Astorg acquires belt maker MegadyneBy Mike McNulty
FAIRFIELD, N.J.—Belt maker Megadyne S.p.A. and its U.S. manufacturing and sales arm, Jason Industrial Inc., have been looking for ways to accelerate their growth through acquisitions for some time.
They'll get that opportunity thanks in part to a new owner with deep pockets. Astorg Partners has signed an agreement to purchase a majority stake in the Megadyne group of companies from the Tadolini family, Fondo Italiano d'Investimento and senior management at Megadyne.
The deal is subject to approvals from relevant competition and regulatory authorities. Financial details were not disclosed.
Management of Megadyne and Jason Industrial, along with other current shareholders in the company, will reinvest back into the business and retain a 25-percent minority ownership of the firm, according to Philip Cohenca, president and CEO of Jason Industrial, a member of Megadyne's board of directors and a shareholder of the company.
Giorgio and Marco Tadolini will continue to lead the belt maker as executive chairman and managing director. The remainder of the current management team also will remain in place as will the company's work force of about 1,600.
The Tadolinis said Astorg has demonstrated a strong understanding of the belt and hose business, adding that the transaction represents an opportunity to accelerate the growth of Megadyne internationally via acquisitions to create a formidable platform.
Cohenca said there will be no changes in the way Megadyne or Jason Industrial do business. “We have a solid foundation and our growth rate has been in double digits,” he said.
The Megadyne group of companies wants to enter new end markets, and Astorg gives the company that opportunity, Cohenca said from Jason Industrial's headquarters in Fairfield. “We want to grow geographically in areas where we are not participating today or where we don't have a big presence.”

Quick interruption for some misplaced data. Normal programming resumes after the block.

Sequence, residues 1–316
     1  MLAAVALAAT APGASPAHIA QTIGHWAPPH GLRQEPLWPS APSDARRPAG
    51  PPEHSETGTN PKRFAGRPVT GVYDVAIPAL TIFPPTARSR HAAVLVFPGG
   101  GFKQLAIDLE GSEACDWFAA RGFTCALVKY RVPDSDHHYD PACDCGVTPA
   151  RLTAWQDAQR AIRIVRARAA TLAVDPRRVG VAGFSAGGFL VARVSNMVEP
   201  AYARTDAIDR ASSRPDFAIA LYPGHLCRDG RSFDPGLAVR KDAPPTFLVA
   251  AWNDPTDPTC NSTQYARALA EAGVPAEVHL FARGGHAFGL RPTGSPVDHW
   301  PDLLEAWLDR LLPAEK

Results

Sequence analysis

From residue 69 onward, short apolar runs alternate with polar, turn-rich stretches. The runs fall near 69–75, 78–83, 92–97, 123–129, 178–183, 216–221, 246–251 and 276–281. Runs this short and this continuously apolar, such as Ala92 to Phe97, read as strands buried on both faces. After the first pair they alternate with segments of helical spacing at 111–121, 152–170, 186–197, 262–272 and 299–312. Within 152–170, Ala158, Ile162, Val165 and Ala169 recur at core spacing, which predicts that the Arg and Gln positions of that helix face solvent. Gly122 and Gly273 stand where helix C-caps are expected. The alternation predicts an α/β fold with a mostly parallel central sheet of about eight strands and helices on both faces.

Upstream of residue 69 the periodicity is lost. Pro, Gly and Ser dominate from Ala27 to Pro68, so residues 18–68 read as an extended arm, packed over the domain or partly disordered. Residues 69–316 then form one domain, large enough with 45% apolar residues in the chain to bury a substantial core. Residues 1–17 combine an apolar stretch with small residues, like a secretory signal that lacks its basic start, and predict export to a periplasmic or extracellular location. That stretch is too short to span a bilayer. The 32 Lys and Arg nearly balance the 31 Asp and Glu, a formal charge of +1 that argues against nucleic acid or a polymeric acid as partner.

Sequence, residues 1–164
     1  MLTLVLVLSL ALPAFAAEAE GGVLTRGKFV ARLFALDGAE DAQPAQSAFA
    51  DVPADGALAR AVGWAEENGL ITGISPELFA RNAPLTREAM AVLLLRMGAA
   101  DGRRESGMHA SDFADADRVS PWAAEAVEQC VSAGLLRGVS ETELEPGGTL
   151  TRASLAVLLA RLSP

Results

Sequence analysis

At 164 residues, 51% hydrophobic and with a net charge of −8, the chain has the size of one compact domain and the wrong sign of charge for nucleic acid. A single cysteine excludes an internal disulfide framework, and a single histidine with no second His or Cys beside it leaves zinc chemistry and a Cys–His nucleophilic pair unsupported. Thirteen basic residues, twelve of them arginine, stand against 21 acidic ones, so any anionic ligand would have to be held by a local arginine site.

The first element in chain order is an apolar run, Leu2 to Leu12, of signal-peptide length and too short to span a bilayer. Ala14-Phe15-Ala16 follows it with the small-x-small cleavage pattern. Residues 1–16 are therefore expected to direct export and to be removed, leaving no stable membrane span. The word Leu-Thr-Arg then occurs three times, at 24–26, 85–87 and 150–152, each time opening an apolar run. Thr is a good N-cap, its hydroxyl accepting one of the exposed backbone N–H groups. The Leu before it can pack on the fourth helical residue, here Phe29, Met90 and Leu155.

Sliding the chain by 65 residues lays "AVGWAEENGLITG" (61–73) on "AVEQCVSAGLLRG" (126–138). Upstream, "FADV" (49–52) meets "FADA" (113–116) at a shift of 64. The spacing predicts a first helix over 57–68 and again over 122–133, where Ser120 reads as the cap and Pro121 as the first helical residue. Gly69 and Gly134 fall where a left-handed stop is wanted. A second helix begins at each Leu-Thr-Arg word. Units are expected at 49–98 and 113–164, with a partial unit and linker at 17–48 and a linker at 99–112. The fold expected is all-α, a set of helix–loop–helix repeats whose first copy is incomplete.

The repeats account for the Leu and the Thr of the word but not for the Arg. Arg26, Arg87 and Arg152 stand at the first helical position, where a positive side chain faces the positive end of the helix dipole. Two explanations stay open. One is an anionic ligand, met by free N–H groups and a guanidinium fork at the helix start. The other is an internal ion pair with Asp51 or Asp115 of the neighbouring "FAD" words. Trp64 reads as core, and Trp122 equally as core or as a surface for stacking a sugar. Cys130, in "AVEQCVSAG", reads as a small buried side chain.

Agriculture, for example, is a segment that interests the company, he said. And while it does operate in Asia, Eastern Europe, Latin America and India, all are areas where the group would like to expand.
“We actively pursued the acquisition,” Cohenca said, “because we want to triple our size, and we needed access to funding and expertise for future acquisitions.” Numerous companies sought to purchase the Megadyne group and “we narrowed the list down to five and then to one. It was a long process,” he said.
“Astorg was happy with what it saw in Megadyne and we were happy with Astorg's commitment,” he added. “We have a very profitable business, and we are trying to build on that foundation.”
Formed in 1957, Mathi, Italy-headquartered Megadyne is a large global producer of premium polyurethane and rubber belts, pulleys and complementary products used for industrial applications.
The company has 10 manufacturing sites and 33 commercial branches spread across the U.S., Europe and Asia.
In the fall of 2013, Megadyne expanded its position in the conveyor belt industry by purchasing Rultrans Transmisyon A.S., a Turkey-based manufacturer of rubber and polyurethane power transmission belts.
Jason Industrial, founded in 1958, manufactures and markets rubber industrial V-belts, neoprene and urethane synchronous belts and related hardware, and supplies hose to a large customer base in the Americas.
It operates a manufacturing facility in Charlotte, N.C., with sales and distribution centers in the U.S., Canada, Mexico and Brazil, and has established an operation in Central America.
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